Anguilla – a one night stand…..:-)

April 5th & 6th, 2014 (-4 on UTC)

****NOTE: The posting of our last blog didn\’t work as it was a bit too long for a remote post from the boat. I\’ve been able to re-post it via the internet and now it\’s ready for viewing. It\’s the post under \”Ship\’s Blog\” at the top of the home page just before this one. I WAS ABLE TO UPLOAD SEVERAL PHOTOS including the one of \”Plane Spotting\” in St. Maarten. If the internet holds up okay, I\’ll add a few photos to this post as well…Enjoy!

Dear F&F,

Anguilla would be our last stop in the Leeward Island group. Only 6 miles from St. Martin (French side) it would seem light years away upon our arrival. It\’s atmosphere is very laid back! The people very friendly. And to think, we were only 6 miles from St. Maarten/St. Martin!

Despite the very laid back nature of the locals, in 1967 there was a \”revolt\” as the Anguillan\’s wanted to be a separate entity from St. Kitt\’s and Nevis which they were then a direct part of. The British after a few strong complaints separated Anguilla some years later into it\’s own overseas territory status. It\’s history is British and was colonized by them in 1650. The soil turned out to be a bust and eventually all agriculture was abandoned. The island remained pretty sleepy (and still is) till the tourism industry grabbed a hold of it.

It was so short a distance, despite the favorable winds we motored. We had to charge the batteries anyway and we could run the washing machine with a battery charging source. En route, we were gobsmacked (as the British say), by being passed by sister ship s/v \”Simoust\” (Switch 51 #5) now in charter out of St. Martin. We tried to hail the charter group aboard, but alas, they were not listening on the VHF radio. I doubt they even realized we were the same type of boat. \”Beach House\” is Switch #11 of the 15 that were made.

\”Simoust\” (Switch 51 #5) En route to Anguilla. \”Beach House\” (Switch 51 #11) looks like this under sail.

Upon landing at Road Bay, Anguilla we anchored with mostly local boats. Road Bay is one of two overnight anchorages on the island. Much of the island is a National Park and off limits to overnight anchoring. This island has three mega resorts, one of which, \’The Viceroy\’ is very exclusive. Road Bay however was about as \”Jimmy Buffet goes to the Caribbean\” as you can imagine. We went to \”Elvis\’s Bar\” which is an old Anguilla racing sloop in the sand on the beach!.

Scott at \’Elvi\’s Bar\’. The bar is literally the hull of an old Anguillan racing sloop. The islanders still build these as a local artisan craft.

Indeed, we discovered that Elvis had left the building and we kibitzed with the ex-pat bar maid and bar man. We were the only patrons except for another US ex-pat who owned a restaurant there. We walked up and down the beach which took all of 20 minutes having stopped by customs who was happy to check us in and out at the same time. Apparently, the charter crowd and most of the private boats don\’t stay more than 72 hours, so they allow this. There are some nice off shore reefs and small islands to the north of the main island. The diving is reported to be very nice. As we were anxious to get on to the British Virgin Islands, we would only stay day and night before a very early morning departure. We thought about staying a day for a dive, but after talking with Matthew (the local dive operator) the weather was predicted to be a bit rough and we didn\’t want to wait. Good for the sail, but bad for a dive. If you wanted to really get off the grid and be remote, yet be able to go to a 5 star resort, this might be the place. Except….there are probably many more places just like it scattered around the Caribbean that are a bit easier to get to.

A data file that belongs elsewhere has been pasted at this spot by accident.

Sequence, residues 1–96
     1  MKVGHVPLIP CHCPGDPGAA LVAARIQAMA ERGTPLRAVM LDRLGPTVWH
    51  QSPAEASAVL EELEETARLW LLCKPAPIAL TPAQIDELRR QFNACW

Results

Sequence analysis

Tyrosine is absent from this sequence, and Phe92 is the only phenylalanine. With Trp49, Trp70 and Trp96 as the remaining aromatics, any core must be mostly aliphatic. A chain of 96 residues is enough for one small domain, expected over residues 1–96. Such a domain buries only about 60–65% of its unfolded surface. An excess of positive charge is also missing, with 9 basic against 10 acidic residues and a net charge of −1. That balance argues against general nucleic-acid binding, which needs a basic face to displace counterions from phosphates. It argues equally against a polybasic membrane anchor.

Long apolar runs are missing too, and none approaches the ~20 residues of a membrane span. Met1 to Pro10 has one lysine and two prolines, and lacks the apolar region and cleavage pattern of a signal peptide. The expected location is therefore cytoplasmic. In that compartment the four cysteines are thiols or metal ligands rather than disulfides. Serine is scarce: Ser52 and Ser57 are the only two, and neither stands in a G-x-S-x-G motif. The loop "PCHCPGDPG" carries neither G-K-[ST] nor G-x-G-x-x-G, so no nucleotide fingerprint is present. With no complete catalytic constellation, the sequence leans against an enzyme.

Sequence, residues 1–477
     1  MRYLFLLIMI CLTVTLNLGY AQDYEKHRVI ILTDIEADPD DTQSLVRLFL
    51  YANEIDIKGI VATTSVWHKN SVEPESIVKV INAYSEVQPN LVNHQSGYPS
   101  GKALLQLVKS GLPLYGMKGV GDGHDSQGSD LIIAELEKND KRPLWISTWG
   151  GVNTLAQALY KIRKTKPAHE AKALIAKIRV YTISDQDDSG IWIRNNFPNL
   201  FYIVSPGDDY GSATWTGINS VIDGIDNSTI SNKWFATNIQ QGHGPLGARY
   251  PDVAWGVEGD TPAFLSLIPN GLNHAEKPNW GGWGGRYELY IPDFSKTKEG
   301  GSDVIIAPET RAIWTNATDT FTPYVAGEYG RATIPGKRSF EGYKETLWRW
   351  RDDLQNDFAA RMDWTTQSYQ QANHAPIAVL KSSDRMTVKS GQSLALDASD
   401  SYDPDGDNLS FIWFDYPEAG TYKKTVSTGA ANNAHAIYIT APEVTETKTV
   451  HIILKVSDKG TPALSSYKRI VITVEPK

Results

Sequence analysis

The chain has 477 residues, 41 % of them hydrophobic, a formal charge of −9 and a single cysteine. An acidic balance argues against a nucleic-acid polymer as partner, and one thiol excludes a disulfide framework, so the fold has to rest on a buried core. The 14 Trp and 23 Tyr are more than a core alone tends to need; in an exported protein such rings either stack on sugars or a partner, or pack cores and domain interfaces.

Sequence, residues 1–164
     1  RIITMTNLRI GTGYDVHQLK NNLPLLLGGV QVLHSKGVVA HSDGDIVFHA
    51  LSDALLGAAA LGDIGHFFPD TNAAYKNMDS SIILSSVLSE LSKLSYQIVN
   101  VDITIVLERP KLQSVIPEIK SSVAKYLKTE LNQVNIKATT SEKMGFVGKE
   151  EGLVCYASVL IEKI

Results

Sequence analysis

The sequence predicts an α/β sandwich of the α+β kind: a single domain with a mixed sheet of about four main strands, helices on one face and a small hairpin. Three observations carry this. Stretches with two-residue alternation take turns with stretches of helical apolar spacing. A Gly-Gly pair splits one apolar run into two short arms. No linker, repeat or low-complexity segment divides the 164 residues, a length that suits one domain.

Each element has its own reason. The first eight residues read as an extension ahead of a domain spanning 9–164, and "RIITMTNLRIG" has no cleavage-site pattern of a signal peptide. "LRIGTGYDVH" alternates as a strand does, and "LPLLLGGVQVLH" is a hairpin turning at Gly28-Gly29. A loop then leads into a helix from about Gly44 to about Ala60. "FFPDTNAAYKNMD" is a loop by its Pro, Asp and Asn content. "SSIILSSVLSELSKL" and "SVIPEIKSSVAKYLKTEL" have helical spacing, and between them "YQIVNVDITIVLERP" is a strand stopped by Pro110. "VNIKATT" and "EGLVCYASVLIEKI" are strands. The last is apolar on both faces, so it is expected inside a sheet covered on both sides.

The sail to the British Virgin Islands would be about 75 miles and we could easily make it in one day if we left early. I don\’t like arriving after 3:30 pm due to low light and not being able to see reefs. The British Virgin Islands would be the first place I\’d actually sailed in back in 1996. Cindy and I came here and did a charter and went diving on our own in preparation to deciding if the cruising life might be for us. Lots of water under the keel since then.

We got up early and in a lovely 20+ knot breeze ran downwind to the BVI. The sail was great and our first landfall would be between Virgin Gorda and Necker Island, the \”Virgin\” owned by \”Virgin Group\” CEO, Richard Branson.

Stay tuned, more very soon.

Scott and Nikki